There were clear takeaways at last week's Traverse City Area Chamber of Commerce Economic Outlook Breakfast regarding what to expect in 2013, as well as a discussion of risks and opportunities.
With little changed at the federal level, economic uncertainty will continue to stymie growth and prosperity. Ominous threats of a "fiscal cliff" and legislative gridlock raise the specter of higher unemployment, higher taxes and crushing debt.
Congress and President Barack Obama may get it right, dealing with tax issues, foreign policy hot spots and enabling this nation's massive economy to boom once more.
But it's also quite possible the uncertainty will be prolonged with Congress and the president applying a temporary fix on the most pressing issues and "kicking the can down the road" until the next deadline.
Success for business at a federal level will mean an acceptance of general uncertainty and risk, and an ability to move forward in a global economy in spite of — and not as a result of — federal policy.
To some extent, however, the "rules of engagement" for business will begin to emerge in 2013. But the real action will be at the state and regional levels. That's good for us.
In Michigan, Gov. Rick Snyder and the Republican-dominated House and Senate are expected to continue Snyder's program he describes as "relentless positive action."
While there may be bills introduced concerning some form of Right to Work, and bills to make ballot-driven initiatives more transparent to petition signers and voters, the state legislature should be busy with other issues.
A few key agenda items include rewriting the school aid formula, addressing funding for state transportation needs — including a potential gas-tax increase — attempting to eliminate the personal property tax while keeping local governments whole, and working through the hijinks of Matty Maroun in order to build the New International Trade Crossing at Detroit.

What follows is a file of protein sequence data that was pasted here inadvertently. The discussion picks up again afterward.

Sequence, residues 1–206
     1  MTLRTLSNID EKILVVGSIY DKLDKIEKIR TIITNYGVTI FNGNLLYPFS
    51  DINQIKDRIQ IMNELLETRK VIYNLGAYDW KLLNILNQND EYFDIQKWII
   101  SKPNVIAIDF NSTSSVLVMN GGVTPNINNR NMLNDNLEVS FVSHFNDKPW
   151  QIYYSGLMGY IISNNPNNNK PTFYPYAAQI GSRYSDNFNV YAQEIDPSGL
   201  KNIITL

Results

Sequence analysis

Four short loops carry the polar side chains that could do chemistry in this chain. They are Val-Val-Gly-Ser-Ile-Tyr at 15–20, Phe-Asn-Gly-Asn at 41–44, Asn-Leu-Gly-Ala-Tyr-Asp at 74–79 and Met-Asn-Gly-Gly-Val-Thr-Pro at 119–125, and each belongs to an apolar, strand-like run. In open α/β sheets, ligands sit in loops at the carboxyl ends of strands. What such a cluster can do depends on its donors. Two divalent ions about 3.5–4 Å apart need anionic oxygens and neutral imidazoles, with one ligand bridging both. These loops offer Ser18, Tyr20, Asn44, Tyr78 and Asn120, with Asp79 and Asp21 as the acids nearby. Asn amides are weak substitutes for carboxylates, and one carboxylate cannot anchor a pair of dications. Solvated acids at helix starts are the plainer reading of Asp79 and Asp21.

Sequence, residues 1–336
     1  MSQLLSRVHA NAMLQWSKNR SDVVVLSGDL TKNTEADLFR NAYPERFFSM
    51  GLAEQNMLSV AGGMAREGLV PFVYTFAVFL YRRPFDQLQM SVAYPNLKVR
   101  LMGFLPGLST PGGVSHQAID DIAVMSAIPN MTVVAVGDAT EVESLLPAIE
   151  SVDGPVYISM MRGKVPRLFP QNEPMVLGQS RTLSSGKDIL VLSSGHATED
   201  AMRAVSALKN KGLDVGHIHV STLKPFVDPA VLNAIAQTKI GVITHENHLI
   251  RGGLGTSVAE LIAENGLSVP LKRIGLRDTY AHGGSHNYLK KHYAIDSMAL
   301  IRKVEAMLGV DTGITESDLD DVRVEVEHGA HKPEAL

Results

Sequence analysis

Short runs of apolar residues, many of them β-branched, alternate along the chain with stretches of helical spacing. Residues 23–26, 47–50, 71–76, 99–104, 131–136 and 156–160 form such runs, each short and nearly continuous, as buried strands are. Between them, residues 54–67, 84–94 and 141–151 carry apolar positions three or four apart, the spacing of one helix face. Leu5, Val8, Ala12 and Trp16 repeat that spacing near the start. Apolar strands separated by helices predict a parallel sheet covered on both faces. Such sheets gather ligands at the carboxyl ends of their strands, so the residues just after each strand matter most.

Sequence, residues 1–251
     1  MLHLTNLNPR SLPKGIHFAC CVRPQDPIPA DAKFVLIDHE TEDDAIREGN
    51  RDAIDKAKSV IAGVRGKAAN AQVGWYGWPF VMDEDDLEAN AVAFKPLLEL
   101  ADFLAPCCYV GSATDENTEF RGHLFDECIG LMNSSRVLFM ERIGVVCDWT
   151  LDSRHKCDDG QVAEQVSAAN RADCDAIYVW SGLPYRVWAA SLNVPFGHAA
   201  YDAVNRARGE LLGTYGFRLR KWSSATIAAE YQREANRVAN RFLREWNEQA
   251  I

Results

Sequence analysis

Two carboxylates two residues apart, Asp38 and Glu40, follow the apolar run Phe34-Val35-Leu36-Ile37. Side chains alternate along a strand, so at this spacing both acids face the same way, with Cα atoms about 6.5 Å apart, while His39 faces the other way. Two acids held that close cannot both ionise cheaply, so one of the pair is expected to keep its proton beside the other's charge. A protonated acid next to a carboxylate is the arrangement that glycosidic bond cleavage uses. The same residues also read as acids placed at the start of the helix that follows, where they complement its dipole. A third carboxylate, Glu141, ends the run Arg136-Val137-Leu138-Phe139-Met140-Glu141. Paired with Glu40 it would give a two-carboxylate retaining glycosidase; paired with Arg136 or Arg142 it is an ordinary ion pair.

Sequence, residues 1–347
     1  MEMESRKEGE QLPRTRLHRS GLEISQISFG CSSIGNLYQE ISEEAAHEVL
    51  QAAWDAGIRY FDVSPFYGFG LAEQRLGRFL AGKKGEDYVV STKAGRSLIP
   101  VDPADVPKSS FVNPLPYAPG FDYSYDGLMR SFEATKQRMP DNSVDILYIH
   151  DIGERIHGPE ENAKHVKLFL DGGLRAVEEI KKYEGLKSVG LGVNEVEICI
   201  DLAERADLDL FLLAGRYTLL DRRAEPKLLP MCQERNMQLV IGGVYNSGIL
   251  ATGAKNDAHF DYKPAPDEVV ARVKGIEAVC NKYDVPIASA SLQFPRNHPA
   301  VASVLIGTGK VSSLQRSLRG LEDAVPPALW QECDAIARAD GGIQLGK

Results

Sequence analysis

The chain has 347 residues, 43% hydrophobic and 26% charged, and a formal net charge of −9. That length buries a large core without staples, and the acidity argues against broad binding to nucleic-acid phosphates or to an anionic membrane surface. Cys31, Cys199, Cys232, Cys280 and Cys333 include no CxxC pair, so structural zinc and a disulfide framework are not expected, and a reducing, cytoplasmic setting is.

Locally, there was great optimism expressed about the state of the region's economy and the availability of capital from banks and gap sources. A clear need is the availability of skilled workers, particularly in the trades.
The dynamics of the economy present a landscape fraught with risk; however, with great risk comes opportunity for great reward and product differentiation.
Now is the time when investments in one's business have the greatest opportunity for exponential returns. Such investments are not to be made lightly, however, and a business owner would do well to take advantage of a plethora of sage advisors available for hire or at no cost. The first step for businesses looking to expand and capitalize on a market where their competitors are hoarding cash and resources is to work with their banker, attorney and/or CPA.
Another is to take advantage of the multitude of resources available via the Northwest Michigan Business Atlas available at www.businessatlas.org.
If you're unsure how to proceed or would like to explore what lies ahead in greater detail, contact the Chamber of Commerce. In the Traverse City region, you can find us at www.tcchamber.org.
Doug Luciani is President and CEO of the Traverse City Area Chamber of Commerce.